The operation of the company is simple: thanks to an extensive network, anyone from anywhere in the world can send money to a family member or friend in exchange for a service fee. The Western Union brand is present throughout the continent, from large cities on the coast to the most remote areas of Africa.

According to the World Bank, sending remittances to Africa has the highest fees in the world, with an average of over 8% per transfer. Sources of remesas.org I consulted consider that several factors influence this situation: “They are more expensive because they are taxed – by local governments – and because companies use mechanisms that inhibit competition and generate artificial and illegitimate monopolies, which are much more costly for the consumer”. In Africa, two US companies share two-thirds of the market: Western Union and MoneyGram.

At remiesas.org they consider that remittances have become an easy source of income for governments and businesses, in collusion with local banks. The few banking licenses granted in many African countries make it easy to capture markets, and Western Union and MoneyGram take advantage of this to sign exclusivity clauses: any customer who wants to send or receive money must go through one of the two companies. “As a banker you make your network available to them at outrageous prices, because you get a percentage. You want the fees to be expensive because you get paid more,” they add, from the remittance company.

Exclusivity clauses create de facto monopolies, which push commissions up to 15 or 20%, above the figure of 8% of the official rates. The source for this article dedicated to remittances considers that the World Bank model has little to do with reality, by analysing the money sent as a fixed amount, when in reality the sum paid out to the recipient is rarely the same amount.

Who pays?

The Gambia is the smallest country in Africa and has a particular situation that is very detrimental to migrants and their families. Apart from the commissions charged by the intermediary companies, the country’s central bank is using an exchange rate that is very harmful to Gambians in order to obtain income.

In October 2019, Jawo sent 250 euros to a relative through Moneygram. The company’s 6 euro commission made the final figure sent 244. On the day he sent her money, one euro was equivalent to 56.5 dalasis, the Gambian currency. Her relative should have received 13,786 dalasis, but in the end he had to settle for 12,281. The exchange rate applied meant that her relative received 50.3 dalasis for every euro.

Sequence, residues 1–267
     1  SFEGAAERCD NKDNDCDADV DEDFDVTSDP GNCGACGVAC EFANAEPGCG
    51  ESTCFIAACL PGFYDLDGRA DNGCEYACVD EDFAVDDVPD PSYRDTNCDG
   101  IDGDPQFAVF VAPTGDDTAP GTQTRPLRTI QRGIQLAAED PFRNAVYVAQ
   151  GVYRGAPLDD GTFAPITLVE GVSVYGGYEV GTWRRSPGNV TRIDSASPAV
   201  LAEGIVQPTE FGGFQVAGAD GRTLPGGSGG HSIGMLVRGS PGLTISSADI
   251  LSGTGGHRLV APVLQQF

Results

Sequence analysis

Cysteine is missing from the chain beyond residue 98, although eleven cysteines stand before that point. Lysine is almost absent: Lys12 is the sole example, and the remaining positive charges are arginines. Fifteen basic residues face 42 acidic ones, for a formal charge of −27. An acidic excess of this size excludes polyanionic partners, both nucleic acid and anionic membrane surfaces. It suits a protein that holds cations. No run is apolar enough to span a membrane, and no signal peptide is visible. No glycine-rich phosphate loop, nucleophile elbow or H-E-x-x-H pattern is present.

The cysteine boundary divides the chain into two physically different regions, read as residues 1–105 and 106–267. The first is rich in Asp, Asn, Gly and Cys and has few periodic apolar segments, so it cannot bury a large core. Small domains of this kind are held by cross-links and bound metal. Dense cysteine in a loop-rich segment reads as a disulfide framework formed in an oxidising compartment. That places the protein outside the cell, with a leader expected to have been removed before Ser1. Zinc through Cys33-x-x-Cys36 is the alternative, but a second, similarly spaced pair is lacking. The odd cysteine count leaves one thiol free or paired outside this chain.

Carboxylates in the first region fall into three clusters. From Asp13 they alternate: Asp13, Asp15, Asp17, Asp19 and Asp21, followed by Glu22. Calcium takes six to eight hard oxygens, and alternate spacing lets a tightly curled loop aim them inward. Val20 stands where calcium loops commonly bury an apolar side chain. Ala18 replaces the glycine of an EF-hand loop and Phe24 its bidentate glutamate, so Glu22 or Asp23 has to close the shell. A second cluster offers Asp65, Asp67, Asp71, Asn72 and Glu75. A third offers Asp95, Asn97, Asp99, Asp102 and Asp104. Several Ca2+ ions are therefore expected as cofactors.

The figure of 6 dalasis per euro may seem insignificant, but the higher the number of euros sent, the greater the loss to the recipient. On that day, Jawo and his relative lost EUR 6 for the fees and EUR 26 for the exchange rate. Of the 250 euros sent, 32 were lost along the way, almost 13% of the initial figure. Outrageous comparison: 32 euros, at today’s exchange rate, is what Mulie Baldeh would earn in a week working twelve hours a day building a road.

In 2014, a report by the Overseas Development Institute, a British think tank, showed that remittance surcharges linked to the market control of Western Union and MoneyGram deprived the continent of an extra $586 million a year. And they believed that a drop in fees would allow money transfers to increase by $1.8 billion. In other words, the cost of primary education for 14 million people, improved health care for 8 million, or clean water for 21 million.

The weight of remittances in GDP is around 10% in several African countries: in Zimbabwe (13.5%), Senegal (10.5%), Liberia (9.4%), The Gambia (15.5%) and Lesotho (21.3%), thousands of people pass through Western Union or MoneyGram offices every month to collect most of their income. In Nigeria, Africa’s largest economy, remittances account for almost $24 billion a year.

Remittances also have another advantage for the corporations who benefit from them: they are constant and, as the years go by, they increase. Development aid changes according to the budgets of the donor countries, financial capital moves according to the international situation, as does Foreign Direct Investment; but family members will never stop sending money to their loved ones. In 1990, remittances were at the bottom of the ranking; in 2019, the IMF ranked them above these other three sources of income. Right now, the largest international aid for Africans is the small amounts that their own relatives regularly send them from rich countries.